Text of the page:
Watch Your Step
When mortgage precedes the marriage
Once considered shameful, cohabitation has gained greater respectability with each passing decade since the 1970s, says Andrew Cherlin, a Johns Hopkins University sociologist and an expert on marriage and divorce. Indeed, as he notes, many couples now buy a home together even before they become engaged.
These partners often assume they’ll marry soon after moving into the house they’ve purchased. But as Cherlin’s statistics show, that may not be the case. In fact, about half of all heterosexual couples who live together break up and never marry each other.
“A mortgage note is not equivalent to a marriage license – though many people think one automatically leads to the other,” says Mark Nash, a Coldwell Banker broker and author of several real estate books.
Nash tells about a couple in their early 40s who dated just a short while before the woman, an investment banker, began pressuring the man, a marketing manager, to buy a house with her. He soon acquiesced and they chose an elegant place from the 1920s, with a steeply pitched roof, dormer windows and built-in cabinetry.
“This was her storybook house. She’d hoped to get married in the back garden as soon as they finished their big home renovation, which cost $150,000,” Nash recalls.
But the wedding never happened. Just three years after they bought the vintage house, he ended their relationship. And because she couldn’t afford to buy out his equity, her dream house had to be sold.
Of course, many couples who buy homes together do eventually marry.
But neither partner should assume a home purchase will cement their ties, says Bryn Collins, a licensed psychologist and author of the book, “How to Recognize Emotional Unavailability and Make Healthier Relationship Choices.”
Collins believes an avoidance of commitment is now more common, especially among those born after the baby boom, which ended in 1964. She says younger couples are now more likely to postpone marriage and to buy a home together before they’re truly committed.
“They want to keep their options open on marriage for a long time,” Collins says.
She says unmarried couples should try to solidify their relationship before they buy a home. Here are three tips for those considering a premarital property purchase:
Make sure you’re on the same page emotionally.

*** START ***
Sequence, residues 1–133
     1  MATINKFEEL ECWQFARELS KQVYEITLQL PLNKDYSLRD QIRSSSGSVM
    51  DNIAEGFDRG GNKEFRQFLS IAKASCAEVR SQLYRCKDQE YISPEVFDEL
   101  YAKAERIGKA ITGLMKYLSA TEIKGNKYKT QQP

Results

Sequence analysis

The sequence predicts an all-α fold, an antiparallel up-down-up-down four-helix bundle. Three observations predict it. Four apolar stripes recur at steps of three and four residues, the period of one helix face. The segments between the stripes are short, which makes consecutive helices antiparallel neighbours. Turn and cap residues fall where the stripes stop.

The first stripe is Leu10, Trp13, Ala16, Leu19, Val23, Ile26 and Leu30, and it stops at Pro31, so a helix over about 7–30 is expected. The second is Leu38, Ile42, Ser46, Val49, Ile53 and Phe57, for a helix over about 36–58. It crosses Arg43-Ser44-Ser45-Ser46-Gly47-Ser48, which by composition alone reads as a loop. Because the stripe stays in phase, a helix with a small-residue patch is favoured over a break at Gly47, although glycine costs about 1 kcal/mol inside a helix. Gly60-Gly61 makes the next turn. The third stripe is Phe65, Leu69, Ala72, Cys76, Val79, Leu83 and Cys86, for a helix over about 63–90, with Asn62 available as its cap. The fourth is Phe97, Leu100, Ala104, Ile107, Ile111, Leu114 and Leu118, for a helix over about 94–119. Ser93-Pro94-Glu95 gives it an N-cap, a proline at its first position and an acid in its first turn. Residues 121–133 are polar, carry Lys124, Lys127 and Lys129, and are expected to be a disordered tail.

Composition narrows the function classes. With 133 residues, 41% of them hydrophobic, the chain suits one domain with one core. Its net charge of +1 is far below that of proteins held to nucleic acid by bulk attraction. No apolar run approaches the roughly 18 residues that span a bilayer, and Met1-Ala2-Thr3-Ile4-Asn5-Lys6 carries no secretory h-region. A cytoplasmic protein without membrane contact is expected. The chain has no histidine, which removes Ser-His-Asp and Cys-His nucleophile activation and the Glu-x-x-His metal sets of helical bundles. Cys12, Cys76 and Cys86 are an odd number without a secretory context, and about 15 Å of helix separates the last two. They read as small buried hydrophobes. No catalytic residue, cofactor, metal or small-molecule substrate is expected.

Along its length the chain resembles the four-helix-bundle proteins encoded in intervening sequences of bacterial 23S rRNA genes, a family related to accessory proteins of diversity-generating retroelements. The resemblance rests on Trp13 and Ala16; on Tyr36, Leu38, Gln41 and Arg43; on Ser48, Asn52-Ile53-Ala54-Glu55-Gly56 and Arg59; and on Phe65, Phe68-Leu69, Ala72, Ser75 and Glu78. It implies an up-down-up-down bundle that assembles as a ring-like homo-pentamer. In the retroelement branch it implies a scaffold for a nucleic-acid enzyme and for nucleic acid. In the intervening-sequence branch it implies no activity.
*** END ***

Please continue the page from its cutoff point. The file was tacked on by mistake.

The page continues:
Obviously there’s no guarantee any relationship will endure – even if the couple vows to stay together “till death do us part.” The high divorce rate underscores this reality. Yet as Cherlin says, the chances of breaking up are greater among those who live together than those who don’t.
Given the risk of a premarital breakup, Collins says it’s vitally important that couples try to determine if they’re compatible before proceeding to joint home ownership.
You don’t have to go to a therapist to find out if you’re a good match. Often you can obtain sound counseling at little or no cost through your church or synagogue. And in most cases, you needn’t be formally engaged to receive such services from a religious institution.
Another increasingly popular option involves couples’ classes and workshops. One organization that can help you find a relationship program in your area is Pairs (www.pairs.org).
Deal with money matters before hunting for a home to buy.
When romance is new, people tend to idealize each other and avoid hard questions about money matters. But Nash says you should have a frank and open discussion about your finances before you agree to buy property as an unmarried couple.
Obtain a legal agreement to protect you if your relationship falls through.
Buying a home with your significant other can have its financial advantages. In many housing markets, it can often take two salaries to support the mortgage payments. Therefore, if your income is limited, buying a home with your partner could hasten your entry into homeownership.
But what if the relationship that was supposed to last forever begins to flounder not long after you move into the property? That could lead to a very messy situation unless you have a contingency plan to handle a breakup should it occur.
Nash recommends you hire an attorney to draft an agreement specifying how the two of you would deal with the disposition of your property, should your cohabitation arrangement fall apart.
Like a prenuptial agreement, this document would address such matters as the terms of sale on your home and how the price would be set if one partner decides to buy out the other’s stake.
“Maybe after you’ve cohabitated for a while, you’ll get married and live happily ever after. But if life doesn’t work according to the script, having a legal agreement will let you handle your housing transition with less angst and expense,” Nash says.